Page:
Syed Muhammad, a customs agent in Torkham, reveals that the current balance of Pak-Afghan trade has not undergone significant changes. He states that around 300 to 350 trucks carrying various goods used to cross from Pakistan to Afghanistan every day, while over 300 cargo vehicles filled with coal, soapstone, and apricots currently enter Pakistan from Afghanistan.
Muhammad points out that in the past, around 1,500 vehicles would travel from Pakistan to Afghanistan, with over 200 vehicles returning daily. However, due to the challenges faced in bilateral trade, the volume of Pak-Afghan trade has significantly declined.
Zahid Shinwari, representing the Border Chamber of Commerce, shares that consultations with government agencies to initiate barter trade had begun several years ago. Although some trade activities with Iran have commenced on this basis, no substantial steps have been taken to make this process more effective, leading to a lack of success in the project. He criticizes the fact that chambers and business leaders were kept uninformed about the current decision, and highlights the past mistakes that have had adverse effects on the nation’s economy. To ensure the success of this new plan, Shinwari urges the government not to repeat those mistakes.
According to data from the State Bank, Pakistan’s annual imports amount to $80 billion, while its exports reach only $20 billion. Experts argue that such a significant difference between exports and imports does not bode well for any country’s economy. The decision to allow barter trade with neighboring countries aims to alleviate the financial strain caused by the shortage of dollars, but its long-term impact on the economy remains to be seen.
Simplifying Pak-Afghan Trade Through Barter System
Zahid Shinwari emphasizes that barter trade is an age-old method of exchange between two countries, where goods are traded directly for other goods, eliminating the need for monetary transactions.
He points out that this trading system is currently being implemented between various countries, including the United States and Mexico. Shinwari believes that adopting a similar approach can prove beneficial for bilateral trade between Pakistan and Afghanistan, particularly in contrast to the complexities associated with remitting money through bank accounts for dollar transactions in other trade systems.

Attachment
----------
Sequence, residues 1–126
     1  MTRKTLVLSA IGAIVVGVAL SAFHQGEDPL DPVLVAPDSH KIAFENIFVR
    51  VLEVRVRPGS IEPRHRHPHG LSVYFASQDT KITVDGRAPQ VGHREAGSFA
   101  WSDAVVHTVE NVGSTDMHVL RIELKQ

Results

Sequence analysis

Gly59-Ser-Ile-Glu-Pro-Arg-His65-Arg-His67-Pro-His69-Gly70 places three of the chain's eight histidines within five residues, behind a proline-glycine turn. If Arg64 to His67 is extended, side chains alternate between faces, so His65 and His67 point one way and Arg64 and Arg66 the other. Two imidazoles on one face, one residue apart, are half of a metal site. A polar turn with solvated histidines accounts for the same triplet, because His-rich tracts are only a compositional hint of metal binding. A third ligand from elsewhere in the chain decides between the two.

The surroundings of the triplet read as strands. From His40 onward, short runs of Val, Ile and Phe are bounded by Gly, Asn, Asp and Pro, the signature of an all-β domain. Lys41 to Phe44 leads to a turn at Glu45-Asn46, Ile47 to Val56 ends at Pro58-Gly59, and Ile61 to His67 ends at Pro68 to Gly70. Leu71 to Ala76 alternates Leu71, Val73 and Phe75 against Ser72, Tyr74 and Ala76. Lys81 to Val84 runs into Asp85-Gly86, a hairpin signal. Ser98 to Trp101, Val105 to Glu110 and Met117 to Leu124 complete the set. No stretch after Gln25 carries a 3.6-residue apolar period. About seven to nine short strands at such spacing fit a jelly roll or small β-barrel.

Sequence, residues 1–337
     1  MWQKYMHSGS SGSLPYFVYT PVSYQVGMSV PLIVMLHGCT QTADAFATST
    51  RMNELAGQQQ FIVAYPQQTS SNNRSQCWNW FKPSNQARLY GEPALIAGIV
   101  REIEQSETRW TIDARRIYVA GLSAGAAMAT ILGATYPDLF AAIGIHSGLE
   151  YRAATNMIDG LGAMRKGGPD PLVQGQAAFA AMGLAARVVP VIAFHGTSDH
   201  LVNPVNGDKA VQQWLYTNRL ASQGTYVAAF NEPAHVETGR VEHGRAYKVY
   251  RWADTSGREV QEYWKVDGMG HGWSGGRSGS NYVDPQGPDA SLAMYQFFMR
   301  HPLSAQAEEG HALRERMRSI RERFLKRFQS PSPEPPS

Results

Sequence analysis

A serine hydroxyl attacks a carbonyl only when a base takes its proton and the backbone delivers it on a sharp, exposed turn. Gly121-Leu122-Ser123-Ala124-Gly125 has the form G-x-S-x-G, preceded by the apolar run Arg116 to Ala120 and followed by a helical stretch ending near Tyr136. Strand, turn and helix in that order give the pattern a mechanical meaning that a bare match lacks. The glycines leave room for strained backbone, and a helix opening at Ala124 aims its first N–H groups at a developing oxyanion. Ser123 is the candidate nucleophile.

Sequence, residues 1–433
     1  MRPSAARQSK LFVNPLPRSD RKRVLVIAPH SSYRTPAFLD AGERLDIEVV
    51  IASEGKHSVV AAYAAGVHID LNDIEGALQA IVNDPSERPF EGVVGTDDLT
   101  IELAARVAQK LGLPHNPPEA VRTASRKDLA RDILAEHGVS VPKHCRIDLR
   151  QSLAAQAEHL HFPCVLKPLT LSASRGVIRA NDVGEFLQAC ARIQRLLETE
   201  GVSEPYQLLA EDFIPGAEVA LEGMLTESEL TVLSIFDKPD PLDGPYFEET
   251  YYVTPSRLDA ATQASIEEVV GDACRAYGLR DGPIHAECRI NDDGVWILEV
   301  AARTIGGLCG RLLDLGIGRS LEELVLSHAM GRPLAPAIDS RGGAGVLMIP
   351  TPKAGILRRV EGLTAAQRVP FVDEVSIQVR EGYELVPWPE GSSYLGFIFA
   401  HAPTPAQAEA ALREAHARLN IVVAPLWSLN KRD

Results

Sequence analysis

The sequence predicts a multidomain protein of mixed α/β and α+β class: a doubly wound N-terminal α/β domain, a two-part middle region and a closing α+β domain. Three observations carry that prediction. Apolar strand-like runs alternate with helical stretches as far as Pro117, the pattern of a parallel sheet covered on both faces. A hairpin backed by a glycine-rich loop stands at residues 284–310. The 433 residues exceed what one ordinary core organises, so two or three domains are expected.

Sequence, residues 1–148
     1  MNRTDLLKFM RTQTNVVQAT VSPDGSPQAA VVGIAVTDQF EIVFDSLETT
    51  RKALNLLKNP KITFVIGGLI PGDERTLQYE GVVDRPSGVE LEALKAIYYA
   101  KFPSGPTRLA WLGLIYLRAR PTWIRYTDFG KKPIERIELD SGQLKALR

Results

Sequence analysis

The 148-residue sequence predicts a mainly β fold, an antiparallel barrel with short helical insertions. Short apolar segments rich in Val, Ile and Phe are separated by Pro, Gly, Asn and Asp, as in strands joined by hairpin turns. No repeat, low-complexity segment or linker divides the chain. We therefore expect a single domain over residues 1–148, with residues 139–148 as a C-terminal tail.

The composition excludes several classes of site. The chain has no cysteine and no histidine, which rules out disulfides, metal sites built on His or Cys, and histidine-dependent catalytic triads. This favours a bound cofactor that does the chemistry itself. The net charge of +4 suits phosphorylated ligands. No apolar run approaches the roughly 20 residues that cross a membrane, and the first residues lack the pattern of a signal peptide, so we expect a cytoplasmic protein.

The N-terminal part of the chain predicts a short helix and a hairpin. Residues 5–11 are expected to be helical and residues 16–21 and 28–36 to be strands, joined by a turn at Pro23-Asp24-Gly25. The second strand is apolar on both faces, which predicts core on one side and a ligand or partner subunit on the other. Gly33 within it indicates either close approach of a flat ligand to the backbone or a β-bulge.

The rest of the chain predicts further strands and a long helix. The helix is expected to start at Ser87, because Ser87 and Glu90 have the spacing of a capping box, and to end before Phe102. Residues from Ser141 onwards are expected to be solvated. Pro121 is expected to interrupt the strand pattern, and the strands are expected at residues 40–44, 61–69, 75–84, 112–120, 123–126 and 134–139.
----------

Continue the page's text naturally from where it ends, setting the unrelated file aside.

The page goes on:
Challenges and Implementation Hurdles of Barter Trade
According to Alam Zeib, the government’s inconsistent policies and the lack of a conducive environment and facilities have hindered the full implementation of any trade policy, particularly in relation to Afghanistan. This has resulted in a decline in the Pak-Afghan trade.
He highlights the difficulties faced in conducting business under barter trade, where a trader can bring goods from Pakistan but lacks the means to send goods back. Zeib believes that only certain types of businessmen who can engage in specific trade activities, such as exporting cement or coal to Afghanistan and importing coal for sale in Pakistan’s industry, may benefit from this system.
Zahid Shinwari adds that although the government has announced the barter trade policy, no concrete steps have been taken to effectively implement it. He emphasizes that the success of the new trade policy depends on avoiding the mistakes made in the past and addressing the numerous challenges that have plagued trade between the two countries, causing frustration among traders on both sides.
Barter Trade Amidst International Sanctions
The decision to allow barter trade with Russia, Afghanistan, and Iran raises questions regarding the feasibility of conducting trade with countries facing international sanctions. Afghanistan, Iran, and Russia have all been subjected to various sanctions imposed by international organizations.
Zahid Shinwari addresses this issue by stating that many countries worldwide trade with nations under strict international restrictions. Despite sanctions, Iran continues to export significant amounts of oil and gas to China and India.
Shinwari highlights that while the government’s actions may have been limited in the past due to changing global dynamics, the severe economic crisis and evolving regional priorities have prompted the country to explore new measures.